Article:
Russian media have given attention to an article written by John Odling-Smee, the IMF official who was directly involved in negotiating the Russian loan package last summer. In the article, published in the November issue of the “Central European Economic Review,” Odling-Smee says that international financing has been only partially effective for Russia from the point of view of the reform process, because it has allowed the government to put off measures required to plug “fiscal holes” in the budget. The Russian government and parliament, he argues, must be truly dedicated to structural reform and prepared to carry out politically unpopular measures. Odling-Smee also says that Russia needs to make the privatization process genuinely transparent and introduce both better corporate governance and an effective bankruptcy mechanism (Prime-Tass, NTV, December 1).
If a trust gap has grown up between the IMF and Russia, one has existed for some time between the Russian population and its financial institutions, given that millions of Russians lost their savings due to hyperinflation in the early 1990s, others in pyramid schemes and still others in the financial collapse last August. Primakov said last Saturday that the government was studying ways to attract funds being held by Russians–which he estimated at US$30 billion to US$40 billion, much of it in cash, more precisely, in U.S. dollars. “People don’t trust us,” Primakov said, “and with good reason” (Russian agencies, November 28).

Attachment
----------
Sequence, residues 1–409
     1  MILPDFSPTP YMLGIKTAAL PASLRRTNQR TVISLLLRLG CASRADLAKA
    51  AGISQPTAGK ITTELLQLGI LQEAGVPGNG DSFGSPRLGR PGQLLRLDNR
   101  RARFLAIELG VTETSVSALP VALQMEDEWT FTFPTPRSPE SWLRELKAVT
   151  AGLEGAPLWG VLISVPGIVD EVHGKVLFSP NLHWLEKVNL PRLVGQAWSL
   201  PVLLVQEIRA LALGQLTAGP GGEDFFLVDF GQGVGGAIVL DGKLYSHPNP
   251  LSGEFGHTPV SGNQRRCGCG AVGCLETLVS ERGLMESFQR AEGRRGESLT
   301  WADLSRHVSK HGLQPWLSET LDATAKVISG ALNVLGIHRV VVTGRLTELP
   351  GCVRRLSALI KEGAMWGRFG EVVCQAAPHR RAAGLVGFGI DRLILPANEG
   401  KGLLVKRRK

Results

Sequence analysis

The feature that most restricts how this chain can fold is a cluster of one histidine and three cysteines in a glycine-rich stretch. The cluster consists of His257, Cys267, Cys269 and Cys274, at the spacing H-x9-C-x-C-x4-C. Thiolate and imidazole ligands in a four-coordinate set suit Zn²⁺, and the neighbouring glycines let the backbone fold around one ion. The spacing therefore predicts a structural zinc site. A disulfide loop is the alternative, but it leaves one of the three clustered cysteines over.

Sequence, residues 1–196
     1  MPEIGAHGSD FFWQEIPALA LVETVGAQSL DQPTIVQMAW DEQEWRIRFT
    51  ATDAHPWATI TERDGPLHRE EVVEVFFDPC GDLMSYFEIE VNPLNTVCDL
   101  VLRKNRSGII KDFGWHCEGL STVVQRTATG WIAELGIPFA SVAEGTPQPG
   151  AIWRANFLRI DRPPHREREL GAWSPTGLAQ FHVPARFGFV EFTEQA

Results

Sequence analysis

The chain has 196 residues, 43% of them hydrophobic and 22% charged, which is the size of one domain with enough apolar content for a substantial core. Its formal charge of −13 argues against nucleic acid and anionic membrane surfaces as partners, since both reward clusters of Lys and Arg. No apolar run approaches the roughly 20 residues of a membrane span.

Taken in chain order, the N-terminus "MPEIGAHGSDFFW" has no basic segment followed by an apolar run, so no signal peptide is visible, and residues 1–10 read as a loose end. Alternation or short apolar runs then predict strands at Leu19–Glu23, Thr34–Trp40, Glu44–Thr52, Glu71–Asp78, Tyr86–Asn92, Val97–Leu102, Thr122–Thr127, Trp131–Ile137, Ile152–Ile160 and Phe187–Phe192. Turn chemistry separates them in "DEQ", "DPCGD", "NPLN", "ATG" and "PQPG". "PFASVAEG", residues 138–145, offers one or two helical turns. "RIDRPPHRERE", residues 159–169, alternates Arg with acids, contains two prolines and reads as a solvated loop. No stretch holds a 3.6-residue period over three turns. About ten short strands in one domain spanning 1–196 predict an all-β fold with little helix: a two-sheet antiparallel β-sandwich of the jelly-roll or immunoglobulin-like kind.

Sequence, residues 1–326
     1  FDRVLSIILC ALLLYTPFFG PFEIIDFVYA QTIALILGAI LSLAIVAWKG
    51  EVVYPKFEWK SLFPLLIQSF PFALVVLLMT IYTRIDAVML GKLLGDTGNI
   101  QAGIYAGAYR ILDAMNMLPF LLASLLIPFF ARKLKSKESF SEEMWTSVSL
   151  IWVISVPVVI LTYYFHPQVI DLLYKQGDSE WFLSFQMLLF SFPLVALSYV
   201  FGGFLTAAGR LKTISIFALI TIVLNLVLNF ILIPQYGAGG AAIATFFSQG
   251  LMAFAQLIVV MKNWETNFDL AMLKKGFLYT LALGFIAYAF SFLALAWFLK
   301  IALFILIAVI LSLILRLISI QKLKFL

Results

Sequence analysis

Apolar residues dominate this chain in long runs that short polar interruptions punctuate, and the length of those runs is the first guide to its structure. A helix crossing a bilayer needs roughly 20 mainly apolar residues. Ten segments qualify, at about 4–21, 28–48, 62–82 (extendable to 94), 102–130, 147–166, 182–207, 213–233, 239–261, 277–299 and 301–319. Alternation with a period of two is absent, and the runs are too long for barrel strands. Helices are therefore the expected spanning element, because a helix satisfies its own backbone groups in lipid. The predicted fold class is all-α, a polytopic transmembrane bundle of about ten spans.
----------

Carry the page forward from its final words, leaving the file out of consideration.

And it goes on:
The state, however, failed to meet its promised November 30 deadline for starting to refund the savings of thousands of Russians who, following last August’s financial collapse, had transferred their accounts from ailing commercial banks to the state-owned Sberbank. The state took over the obligations of a number of Russia’s largest banks, including SBS-Agro, Inkombank, Menatep, MOST-Bank, Promstroibank and Mosbiznesbank. Yet while Sberbank was failing to make good on its obligations–the promised payments were on terms highly unfavorable to depositors, given the drop in the ruble’s value–the bank announced yesterday that it would pay off in full a US$225 million syndicated loan to two Western banks–West Merchant Bank Ltd. and NatWest Markets (Moscow Times, December 1).
MOSCOW AND ROME DISCUSS KURDISH LEADER; BILATERAL TIES.